This was not quite like the match of the century when Hungary’s Golden team beat England 6-3 at Wembley Stadium back in 1953. But it came close. England’s 0-4 humiliating defeat by the Hungarian side last week in Wolverhampton is this nation’s worst home result since 1928!

The revitalisation of Hungarian football under their Italian manager Marco Rossi has been remarkable. When I watched Hungary drawing with France and with Germany during last year’s European Championship it became evident that after decades in the wilderness the team had finally come of age. This year they beat England twice in only ten days and managed a draw with Germany. They are now on top of group 3 In the Nations League Division A.

There is no Ferenc Puskás in the current Hungarian team. I love watching Dominik Szoboszlai, the team’s young midfield player, as well as Ádám Szalai, the 34 year-old stalwart striker who can always be relied on to hold up the ball. But at present, it is evident that their individual brilliance is connected with the synergy and spirit provided by a team where players play for one another.

There was something truly magical about the way that the Hungarian team stood up to the world-famous players that make up the English side. It seemed that almost effortlessly the team had rendered the English striker and super-player Harry Kane marginal and invisible. All too often football is about individual egos. The way Hungary played served as a timely reminder that when a group of players come together as a genuine team they become capable achieving great results. As Rossi noted after the game ‘every player, from the forwards to the defenders, had fought for the team in order to achieve a good result’.

It is difficult to disagree with Rossi, when he observed that ‘when the Hungarian national team is able to play as a real team, most opponents have a very difficult time if they want to beat them’.

There was something else that inspired the Hungarian team towards victory. During an interview, after the match, Hungary’s striker, Ádám Szalai stated; ‘I would like to start by saying that this match was decided in the first minute, because a fan base that does not succumb to the provocation of rival fans has already won the match’. Szalai’s statement pointed to the fact that many of the English fans at the game whistled and booed and made so much noise that the Hungarian anthem could not be heard.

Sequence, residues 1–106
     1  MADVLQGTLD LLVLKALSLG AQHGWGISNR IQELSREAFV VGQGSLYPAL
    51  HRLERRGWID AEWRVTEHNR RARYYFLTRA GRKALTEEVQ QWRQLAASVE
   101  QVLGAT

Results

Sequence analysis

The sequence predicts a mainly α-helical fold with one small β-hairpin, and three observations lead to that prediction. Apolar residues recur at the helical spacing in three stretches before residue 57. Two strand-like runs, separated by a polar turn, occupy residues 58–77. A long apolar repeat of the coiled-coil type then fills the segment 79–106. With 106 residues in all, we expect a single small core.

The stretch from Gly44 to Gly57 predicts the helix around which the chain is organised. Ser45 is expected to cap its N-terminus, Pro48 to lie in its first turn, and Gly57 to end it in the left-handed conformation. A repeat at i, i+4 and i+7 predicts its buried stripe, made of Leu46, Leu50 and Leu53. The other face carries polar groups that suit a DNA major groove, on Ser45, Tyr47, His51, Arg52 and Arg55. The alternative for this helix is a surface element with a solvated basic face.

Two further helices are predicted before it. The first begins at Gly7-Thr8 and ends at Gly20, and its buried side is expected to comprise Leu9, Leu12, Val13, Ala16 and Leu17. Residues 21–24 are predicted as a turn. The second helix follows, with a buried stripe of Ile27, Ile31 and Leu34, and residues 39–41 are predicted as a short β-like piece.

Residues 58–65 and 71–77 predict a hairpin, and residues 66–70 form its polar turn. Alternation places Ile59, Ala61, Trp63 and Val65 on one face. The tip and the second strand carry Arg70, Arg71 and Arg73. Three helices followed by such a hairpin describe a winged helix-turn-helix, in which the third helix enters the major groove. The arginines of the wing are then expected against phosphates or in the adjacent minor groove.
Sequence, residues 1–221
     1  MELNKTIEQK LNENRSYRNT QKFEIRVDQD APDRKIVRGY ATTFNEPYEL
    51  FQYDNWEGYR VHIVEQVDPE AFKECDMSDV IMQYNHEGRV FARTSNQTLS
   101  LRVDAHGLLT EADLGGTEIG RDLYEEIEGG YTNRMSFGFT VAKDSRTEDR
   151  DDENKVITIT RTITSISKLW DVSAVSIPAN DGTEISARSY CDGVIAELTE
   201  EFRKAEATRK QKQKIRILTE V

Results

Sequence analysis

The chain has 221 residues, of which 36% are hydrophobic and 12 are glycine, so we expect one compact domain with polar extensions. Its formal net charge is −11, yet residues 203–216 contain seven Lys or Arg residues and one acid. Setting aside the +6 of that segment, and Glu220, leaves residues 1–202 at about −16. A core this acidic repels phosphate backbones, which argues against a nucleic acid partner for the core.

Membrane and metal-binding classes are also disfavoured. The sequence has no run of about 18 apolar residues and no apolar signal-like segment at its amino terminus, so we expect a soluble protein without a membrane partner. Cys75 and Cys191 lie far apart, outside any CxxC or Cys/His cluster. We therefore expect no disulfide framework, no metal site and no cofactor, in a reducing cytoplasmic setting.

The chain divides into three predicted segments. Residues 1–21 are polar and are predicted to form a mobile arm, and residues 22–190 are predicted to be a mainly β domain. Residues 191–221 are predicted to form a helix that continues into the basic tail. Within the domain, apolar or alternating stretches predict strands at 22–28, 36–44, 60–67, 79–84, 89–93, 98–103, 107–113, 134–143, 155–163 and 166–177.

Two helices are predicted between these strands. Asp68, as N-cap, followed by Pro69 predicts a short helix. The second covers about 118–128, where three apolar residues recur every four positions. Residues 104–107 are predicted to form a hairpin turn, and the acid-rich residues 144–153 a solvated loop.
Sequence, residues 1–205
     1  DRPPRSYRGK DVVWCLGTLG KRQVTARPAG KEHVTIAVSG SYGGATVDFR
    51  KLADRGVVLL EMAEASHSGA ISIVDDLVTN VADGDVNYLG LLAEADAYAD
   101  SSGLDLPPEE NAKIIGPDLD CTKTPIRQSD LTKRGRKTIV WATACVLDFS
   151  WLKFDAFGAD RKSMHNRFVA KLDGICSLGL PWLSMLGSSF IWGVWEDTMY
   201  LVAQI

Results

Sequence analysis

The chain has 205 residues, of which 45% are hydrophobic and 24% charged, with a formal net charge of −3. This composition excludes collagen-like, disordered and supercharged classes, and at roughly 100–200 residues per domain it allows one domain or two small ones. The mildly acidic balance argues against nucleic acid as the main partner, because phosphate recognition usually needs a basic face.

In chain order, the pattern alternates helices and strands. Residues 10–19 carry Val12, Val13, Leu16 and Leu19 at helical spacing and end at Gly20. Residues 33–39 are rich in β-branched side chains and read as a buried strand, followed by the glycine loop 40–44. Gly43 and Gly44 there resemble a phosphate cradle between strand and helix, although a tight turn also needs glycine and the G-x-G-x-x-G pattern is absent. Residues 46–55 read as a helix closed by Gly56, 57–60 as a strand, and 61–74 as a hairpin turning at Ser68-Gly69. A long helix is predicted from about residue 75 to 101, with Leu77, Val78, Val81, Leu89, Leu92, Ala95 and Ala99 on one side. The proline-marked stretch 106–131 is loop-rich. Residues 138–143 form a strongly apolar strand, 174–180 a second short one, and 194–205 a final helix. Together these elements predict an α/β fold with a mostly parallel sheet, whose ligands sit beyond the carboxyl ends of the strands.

Talking to Hungarian fans after the game it is evident that as far as they are concerned, they have become a target of the British media and cultural establishment. They note that the British media made no mention of the disrespectful booing of their national anthem. They are also fed up with being labelled as racist because some of them boo the taking of the knee by the English players. But what they really resent is that they are constantly lectured about their behaviour by the English football establishment. For example, the English team manager Gareth Southgate has on several occasions stated that they are trying to ‘educate’ Hungarian fans about the need to embrace anti-racist gestures, like the Black Lives Matters inspired act of taking the knee.

England’s quasi-colonial attitude towards Hungarian fans was strikingly illustrated in a recent article in The Times by Robert O’Connor, which caricatured them as hardcore bigots motivated by extreme nationalist prejudice. What Southgate and O’Connor fail to grasp is that the ethnocentric project of imposing their values on another nation’s fans can only breed resentment. It also contributed to what for many Hungarian players was their act of defiance.

Hungarian football is on the verge of becoming a serious global force. Their supporters have started dreaming about a return of the glory days of the 1950s. They have succeeded in recapturing the footballing spirit of those times. What they now need to do is to get down to the hard work of developing skills and talents of Hungary’s football hungry youth. 

Frank Furedi is a Hungarian-Canadian author, social commentator and emeritus professor of sociology at the University of Kent in Canterbury. He is an author of more than 25 books, his work explores the main cultural drivers that call into question the moral status of liberty and freedom in western societies.